The High Holidays are a time for reflection. As I approach the conclusion of four years as international president of the United Synagogue of Conservative Judaism, it seems an appropriate moment to reflect on what I have learned from this incredible vantage point and hope for the future.
USCJ envisions an authentic and dynamic Judaism that inspires Jews to seek meaning, find connection and experience a sense of wholeness in a very complex world. Our network of 600 kehillot is dedicated to strengthening Jewish communities inside and outside the walls of a synagogue, ensuring there are thriving centers of Jewish practice that celebrate both tradition and contemporary life. When we rebranded USCJ last year, we selected the tag line “Seek Meaning Together.” Its multiple levels of interpretation convey individual, organizational and communal relationships. The phrase is also a perfect fit for my message here to you.
We seek meaning together when helping others on their journey. This summer on a USY On Wheels bus trip the teens convened in the visitor’s center at the Paper Clips Project in Whitwell, Tennessee, to celebrate the bat mitzvah of a USYer who had never considered such an experience possible. Her bus mates embraced her desire, taught her the blessings and encouraged her every step of the way in this life-affirming ceremony.
We seek meaning together in worship. At Beth Am in L.A., I participated in an awesome, uplifting weekend of creative worship. Our USCJ conventions showcase creative prayer, but what would be the response to this new opportunity? One hundred thirty congregational leaders traveled from across North America to be part of it and to imagine the ways and elements they could convey back home to deepen the experiences within their diverse congregations.
We seek meaning together when we acknowledge the diversity of our congregational communities, recognizing that even as we live under obligations of the covenant, we also hold powerful responsibilities of community. After much thoughtful study, USCJ recommended we change our congregational membership guidelines, enabling each affiliated congregation to establish its own guidelines for membership and creating thoughtful materials to support those internal discussions. Our member congregations voted overwhelmingly in favor.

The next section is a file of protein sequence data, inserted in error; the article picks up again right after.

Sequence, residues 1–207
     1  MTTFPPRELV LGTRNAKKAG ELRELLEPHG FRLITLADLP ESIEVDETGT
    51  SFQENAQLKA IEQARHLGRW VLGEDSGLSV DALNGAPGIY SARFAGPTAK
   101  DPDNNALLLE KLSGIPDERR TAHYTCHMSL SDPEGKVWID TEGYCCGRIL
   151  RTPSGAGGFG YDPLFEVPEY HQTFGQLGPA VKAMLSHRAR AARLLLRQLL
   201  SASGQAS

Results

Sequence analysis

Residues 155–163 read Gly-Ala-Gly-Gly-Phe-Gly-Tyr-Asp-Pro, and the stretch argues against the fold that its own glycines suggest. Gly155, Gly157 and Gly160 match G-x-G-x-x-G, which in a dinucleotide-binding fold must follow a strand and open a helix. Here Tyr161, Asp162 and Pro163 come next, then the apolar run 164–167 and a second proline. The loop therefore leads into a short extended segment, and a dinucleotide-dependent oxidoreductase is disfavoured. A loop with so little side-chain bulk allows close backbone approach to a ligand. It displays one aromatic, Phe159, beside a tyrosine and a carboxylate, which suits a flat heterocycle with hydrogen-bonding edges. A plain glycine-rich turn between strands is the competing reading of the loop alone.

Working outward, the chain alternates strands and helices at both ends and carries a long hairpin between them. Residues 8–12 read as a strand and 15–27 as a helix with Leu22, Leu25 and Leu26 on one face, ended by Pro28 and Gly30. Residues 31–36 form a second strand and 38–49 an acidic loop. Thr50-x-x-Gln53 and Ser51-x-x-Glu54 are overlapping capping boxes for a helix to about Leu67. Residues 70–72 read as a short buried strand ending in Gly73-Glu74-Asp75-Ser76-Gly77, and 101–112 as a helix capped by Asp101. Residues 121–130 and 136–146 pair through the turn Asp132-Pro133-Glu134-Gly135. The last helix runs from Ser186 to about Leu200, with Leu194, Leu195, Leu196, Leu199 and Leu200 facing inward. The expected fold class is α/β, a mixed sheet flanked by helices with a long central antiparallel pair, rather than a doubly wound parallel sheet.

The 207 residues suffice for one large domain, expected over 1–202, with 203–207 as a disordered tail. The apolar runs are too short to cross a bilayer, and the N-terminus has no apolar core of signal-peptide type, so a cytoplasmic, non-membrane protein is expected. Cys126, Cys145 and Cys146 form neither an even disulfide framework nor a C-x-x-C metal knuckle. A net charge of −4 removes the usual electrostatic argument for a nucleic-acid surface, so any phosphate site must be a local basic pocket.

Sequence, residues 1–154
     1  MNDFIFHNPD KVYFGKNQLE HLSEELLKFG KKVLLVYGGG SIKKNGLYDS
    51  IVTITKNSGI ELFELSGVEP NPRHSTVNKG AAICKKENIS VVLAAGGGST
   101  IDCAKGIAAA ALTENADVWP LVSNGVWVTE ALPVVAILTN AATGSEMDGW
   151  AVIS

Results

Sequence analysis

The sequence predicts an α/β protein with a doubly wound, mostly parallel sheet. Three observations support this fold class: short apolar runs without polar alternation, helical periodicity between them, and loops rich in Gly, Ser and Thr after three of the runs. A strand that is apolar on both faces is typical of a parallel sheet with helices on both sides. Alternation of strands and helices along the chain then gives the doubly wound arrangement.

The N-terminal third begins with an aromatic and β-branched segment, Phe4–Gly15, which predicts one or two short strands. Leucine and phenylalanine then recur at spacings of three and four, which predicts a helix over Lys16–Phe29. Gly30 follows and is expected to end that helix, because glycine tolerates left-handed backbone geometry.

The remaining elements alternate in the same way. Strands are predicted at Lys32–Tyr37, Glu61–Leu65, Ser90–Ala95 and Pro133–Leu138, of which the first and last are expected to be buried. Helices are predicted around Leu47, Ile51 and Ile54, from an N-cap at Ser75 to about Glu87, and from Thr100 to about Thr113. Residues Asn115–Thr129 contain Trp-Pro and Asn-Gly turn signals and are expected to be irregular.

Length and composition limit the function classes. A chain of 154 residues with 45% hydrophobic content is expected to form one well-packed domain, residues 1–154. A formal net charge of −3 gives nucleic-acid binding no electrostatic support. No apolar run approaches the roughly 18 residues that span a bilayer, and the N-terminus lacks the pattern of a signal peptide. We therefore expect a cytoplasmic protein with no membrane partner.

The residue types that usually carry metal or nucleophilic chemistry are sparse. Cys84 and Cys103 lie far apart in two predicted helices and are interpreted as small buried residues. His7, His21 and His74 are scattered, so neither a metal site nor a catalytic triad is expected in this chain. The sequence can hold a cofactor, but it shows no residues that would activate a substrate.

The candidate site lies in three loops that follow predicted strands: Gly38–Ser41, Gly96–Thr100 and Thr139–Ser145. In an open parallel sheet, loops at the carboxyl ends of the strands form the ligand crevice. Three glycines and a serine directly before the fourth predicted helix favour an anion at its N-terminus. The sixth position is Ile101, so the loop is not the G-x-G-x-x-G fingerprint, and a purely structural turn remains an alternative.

We seek meaning together within our diversity. Welcome means something different to everyone who enters our spaces. And the common expression of welcome is respect. Through its inclusion learning cohorts, USCJ has helped dozens of kehillot examine their attitude and practice toward people with disabilities, those seen and unseen. One participating congregation reimagined their planned infant daycare room to make it disability compliant, the only one in the city. Another made every aspect of their sanctuary redesign reflect their value of inclusiveness. And this year at Ahavath Achim Synagogue, the annual AIDS quilt display was hung for the first time in the main sanctuary. The panels cascaded from the balcony, creating a powerful backdrop for reflection and connection.
We seek meaning together in Israel. From the Kotel to the Fuchsberg Jerusalem Center for Conservative Judaism, USCJ stands firmly by the tenets of pluralism and Israel as a homeland for all Jews.
To seek meaning together has inspired me in this role. Though the institutional Jewish landscape may be rocky, I believe we have the motivation and tools to navigate it and the will to create a path forward. The people I have had the honor to work with, volunteers and professionals, are a testament to that. Together we address our future with intentionality, aspiring to a shared vision of an authentic and dynamic Judaism. So at this time of reflection, I look forward to the blowing of the shofar. May its call jolt us from complacency and compel us to seek meaning together.
On behalf of Larry and our whole family, best wishes for a sweet new year.